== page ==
With temperatures finally on the rise – well, until Monday anyway – the signs of spring are all around. Robins singing territory songs. Wildflowers poking up through the soil. A worm on the sidewalk.
You’d think – as I did – that all these welcome indicators, wrapped up in a nice, 600-word package, would make for an enjoyable, nature-themed reading experience. There I was, typing away, waxing elegant on midge hatches and the first bee of spring, when, suddenly, a completely different topic popped up.
Or maybe I should say hopped up.
Not to me, but to Tim Timberlake, one of the St. Charles Park District’s park safety officers.
Tim had just started his shift Sunday when he received a call from a resident reporting rabbits at Ferson Creek Fen. That would be well and good, if the rabbits were eastern cottontails, Sylvilagus floridanus, our area’s native lagomorphs. But no, these were domestic rabbits. Or, as Tim put it, “Bunnies. A whole box of ‘em.”
Eight, to be exact.
When Tim arrived on the scene, he found a large box on its side, with seven young rabbits huddled inside and the eighth hopping timidly around in the grass. Although they were dirty, and one was missing an ear, Tim could tell that these animals bore little resemblance to the gray-brown wild cottontails that populate our preserves and parks, yards and gardens.
Some were black and white, some were gray, one was white and brown. All of them, Tim noted, were really cute, and horribly out of place.
It might be tempting to think, as perhaps the person who left them did, that pet rabbits would do just fine in the wild. They eat grass, like wild rabbits do, and they can hop pretty fast, just like their wild cousins.
The truth is, pet bunnies, whose appetites run toward the pellets-n-greens end of the spectrum, and whose predator-avoidance skills are rusty at best, belong in the wild about as much as a cocker spaniel belongs with a pack of wolves.
Domestic rabbits are descended, not from the North American Sylvilagus, but from the European Oryctolagus cuniculus. For centuries, this species has been bred, first for meat and fur, then for qualities such as temperament and size.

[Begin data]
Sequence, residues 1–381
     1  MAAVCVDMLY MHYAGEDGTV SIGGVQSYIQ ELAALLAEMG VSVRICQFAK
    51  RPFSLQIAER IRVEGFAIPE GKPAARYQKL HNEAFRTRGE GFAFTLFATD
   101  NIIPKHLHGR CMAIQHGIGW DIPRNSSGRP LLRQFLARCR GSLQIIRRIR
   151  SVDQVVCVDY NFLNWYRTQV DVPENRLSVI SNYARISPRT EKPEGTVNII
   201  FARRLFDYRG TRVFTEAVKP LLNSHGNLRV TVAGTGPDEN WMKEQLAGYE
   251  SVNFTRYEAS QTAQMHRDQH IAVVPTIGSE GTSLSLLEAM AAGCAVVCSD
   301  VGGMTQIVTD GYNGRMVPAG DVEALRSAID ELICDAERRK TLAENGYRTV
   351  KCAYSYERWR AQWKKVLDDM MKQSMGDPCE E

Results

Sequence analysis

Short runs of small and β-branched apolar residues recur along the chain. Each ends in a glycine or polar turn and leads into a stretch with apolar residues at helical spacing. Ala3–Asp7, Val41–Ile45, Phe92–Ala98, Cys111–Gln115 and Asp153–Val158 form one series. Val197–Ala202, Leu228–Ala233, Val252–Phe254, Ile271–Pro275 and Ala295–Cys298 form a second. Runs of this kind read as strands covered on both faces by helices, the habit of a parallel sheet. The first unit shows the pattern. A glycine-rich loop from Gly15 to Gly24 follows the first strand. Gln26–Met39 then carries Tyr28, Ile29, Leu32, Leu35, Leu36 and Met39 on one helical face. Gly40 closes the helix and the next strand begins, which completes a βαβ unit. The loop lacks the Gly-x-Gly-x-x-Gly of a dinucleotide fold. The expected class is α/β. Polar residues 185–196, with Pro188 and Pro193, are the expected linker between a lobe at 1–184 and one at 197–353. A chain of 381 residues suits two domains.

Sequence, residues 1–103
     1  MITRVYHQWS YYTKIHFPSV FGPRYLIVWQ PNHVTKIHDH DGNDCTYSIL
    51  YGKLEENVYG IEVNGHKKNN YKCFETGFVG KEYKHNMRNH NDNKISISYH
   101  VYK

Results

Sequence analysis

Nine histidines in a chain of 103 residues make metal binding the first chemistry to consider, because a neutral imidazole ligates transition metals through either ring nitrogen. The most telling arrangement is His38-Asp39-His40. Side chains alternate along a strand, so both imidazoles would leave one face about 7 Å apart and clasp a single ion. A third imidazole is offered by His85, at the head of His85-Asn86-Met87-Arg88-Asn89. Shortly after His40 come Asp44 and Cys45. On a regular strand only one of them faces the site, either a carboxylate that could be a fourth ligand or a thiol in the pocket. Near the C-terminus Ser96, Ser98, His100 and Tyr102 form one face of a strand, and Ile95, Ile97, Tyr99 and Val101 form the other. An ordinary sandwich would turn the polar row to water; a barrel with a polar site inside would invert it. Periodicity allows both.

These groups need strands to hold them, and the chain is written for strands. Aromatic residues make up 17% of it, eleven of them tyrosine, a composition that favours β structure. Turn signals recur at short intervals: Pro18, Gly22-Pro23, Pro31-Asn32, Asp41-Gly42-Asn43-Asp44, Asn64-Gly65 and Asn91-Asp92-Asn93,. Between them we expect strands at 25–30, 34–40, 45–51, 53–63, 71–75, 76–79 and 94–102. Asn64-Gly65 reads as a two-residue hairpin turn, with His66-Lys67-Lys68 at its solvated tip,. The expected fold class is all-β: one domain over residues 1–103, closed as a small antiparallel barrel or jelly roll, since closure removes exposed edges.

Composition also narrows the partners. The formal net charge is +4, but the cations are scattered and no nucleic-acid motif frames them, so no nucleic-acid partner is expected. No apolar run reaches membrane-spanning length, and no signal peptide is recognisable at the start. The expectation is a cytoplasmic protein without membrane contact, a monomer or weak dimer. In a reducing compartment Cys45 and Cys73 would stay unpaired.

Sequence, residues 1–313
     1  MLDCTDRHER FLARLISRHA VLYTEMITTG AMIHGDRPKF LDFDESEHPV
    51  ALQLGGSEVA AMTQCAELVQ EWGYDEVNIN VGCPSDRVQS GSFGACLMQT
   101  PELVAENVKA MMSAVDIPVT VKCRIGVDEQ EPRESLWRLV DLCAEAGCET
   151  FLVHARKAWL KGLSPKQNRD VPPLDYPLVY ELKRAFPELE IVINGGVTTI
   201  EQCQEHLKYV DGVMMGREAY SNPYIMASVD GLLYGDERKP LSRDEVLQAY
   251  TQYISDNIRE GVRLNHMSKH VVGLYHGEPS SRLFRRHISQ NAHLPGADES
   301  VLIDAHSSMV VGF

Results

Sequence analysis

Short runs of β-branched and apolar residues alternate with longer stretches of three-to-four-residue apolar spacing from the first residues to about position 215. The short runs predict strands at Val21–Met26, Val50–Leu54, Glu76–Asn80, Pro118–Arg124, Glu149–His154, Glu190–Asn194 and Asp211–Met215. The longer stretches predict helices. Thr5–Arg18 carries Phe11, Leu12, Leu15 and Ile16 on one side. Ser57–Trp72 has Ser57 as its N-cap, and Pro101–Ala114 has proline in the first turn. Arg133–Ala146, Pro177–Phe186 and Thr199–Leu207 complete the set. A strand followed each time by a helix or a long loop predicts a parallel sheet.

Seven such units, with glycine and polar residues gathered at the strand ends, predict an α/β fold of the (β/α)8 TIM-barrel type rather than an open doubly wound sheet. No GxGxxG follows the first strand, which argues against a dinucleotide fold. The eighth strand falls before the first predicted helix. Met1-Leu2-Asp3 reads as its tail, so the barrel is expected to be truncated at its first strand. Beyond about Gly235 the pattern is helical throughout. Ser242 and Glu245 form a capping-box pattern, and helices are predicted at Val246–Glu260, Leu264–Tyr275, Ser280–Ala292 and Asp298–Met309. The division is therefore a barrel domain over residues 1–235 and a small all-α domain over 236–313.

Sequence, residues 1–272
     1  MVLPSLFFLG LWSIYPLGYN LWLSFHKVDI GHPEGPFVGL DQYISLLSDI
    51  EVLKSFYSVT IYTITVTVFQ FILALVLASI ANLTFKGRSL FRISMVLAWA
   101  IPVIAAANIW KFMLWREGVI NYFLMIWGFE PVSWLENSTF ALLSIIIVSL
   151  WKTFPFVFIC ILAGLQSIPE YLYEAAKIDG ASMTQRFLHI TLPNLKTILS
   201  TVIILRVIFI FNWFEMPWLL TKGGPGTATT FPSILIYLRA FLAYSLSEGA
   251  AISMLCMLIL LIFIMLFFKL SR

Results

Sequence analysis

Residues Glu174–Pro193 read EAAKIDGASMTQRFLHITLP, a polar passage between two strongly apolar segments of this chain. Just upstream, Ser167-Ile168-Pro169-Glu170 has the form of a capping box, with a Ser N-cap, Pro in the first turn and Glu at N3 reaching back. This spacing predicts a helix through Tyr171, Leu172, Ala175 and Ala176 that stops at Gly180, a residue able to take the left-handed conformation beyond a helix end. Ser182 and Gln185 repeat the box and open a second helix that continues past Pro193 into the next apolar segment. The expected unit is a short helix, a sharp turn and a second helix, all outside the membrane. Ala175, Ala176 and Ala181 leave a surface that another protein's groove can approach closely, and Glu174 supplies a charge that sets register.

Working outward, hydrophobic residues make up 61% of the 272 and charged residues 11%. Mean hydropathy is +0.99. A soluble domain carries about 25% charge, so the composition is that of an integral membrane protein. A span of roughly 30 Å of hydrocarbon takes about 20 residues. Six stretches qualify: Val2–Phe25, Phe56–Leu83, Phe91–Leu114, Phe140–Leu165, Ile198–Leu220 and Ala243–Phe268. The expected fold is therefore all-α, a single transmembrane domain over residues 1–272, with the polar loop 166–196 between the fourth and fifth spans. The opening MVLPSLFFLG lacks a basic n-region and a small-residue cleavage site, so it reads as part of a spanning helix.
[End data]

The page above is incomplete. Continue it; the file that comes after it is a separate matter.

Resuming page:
Not only is it not fair to let a pet rabbit go in a preserve or park, it’s also illegal. Our local park districts as well as the Kane County Forest Preserve District all have ordinances prohibiting anything being released on their properties.
Then there’s the matter of disease transmission. Pet rabbits harbor a different set of microorganisms than those found in wild rabbits. They can catch diseases in the wild, and they can spread diseases to the wild.
When Tim called me to report his find, he was hoping I could provide a list of rabbit rescue groups in the area. There are several, for sure. In fact, Hickory Knolls’ own Peter Rabbit came from our friends at the Fur Angels Animal Sanctuary in Aurora.
With a little time, I’m sure we could have delivered the Ferson bunnies to rescues and shelters all over northern Illinois. But my schedule didn’t permit that, nor did Tim’s. Instead, he reached out to the fine folks at Critters Pet Shop, who took not just one but all eight rabbits and immediately started giving them the care they had needed. Baths to get rid of the dirt and smell. Medication to get rid of parasites. Food and water, because all were thin and dehydrated.
I called Critters to get an update on how the rabbits are doing. Happily, one has already found a new home, and six others are now up for adoption. The bunny with the missing ear is still undergoing some treatment, as it also was found to be missing two feet.
With Easter coming, the Critters staff will be making doubly sure that each of these remaining rabbits will be going to a forever home, not just a home where the people think pet bunnies make good Easter basket gifts. Domestic rabbits live 10 years or more. They, like all pets, require a significant commitment and aren’t the sort of thing you can just neglect or toss out after a few weeks.
If you know of someone who’s thinking of acquiring a pet rabbit, make sure they know they’re responsible for that pet for its entire life, not just until the thrill wears off. And if you hear of someone who’s going to take his or her bunny and “set it free,” step in and share what you know.
Great outdoor spaces like Ferson Creek Fen are absolutely wonderful destinations for taking in the sights and sounds of spring. But they make absolutely awful homes for pets.
• Pam Otto is the manager of nature programs and interpretive services at the Hickory Knolls Discovery Center, a facility of the St. Charles Park District. She can be reached at 630-513-4346 or email@example.com.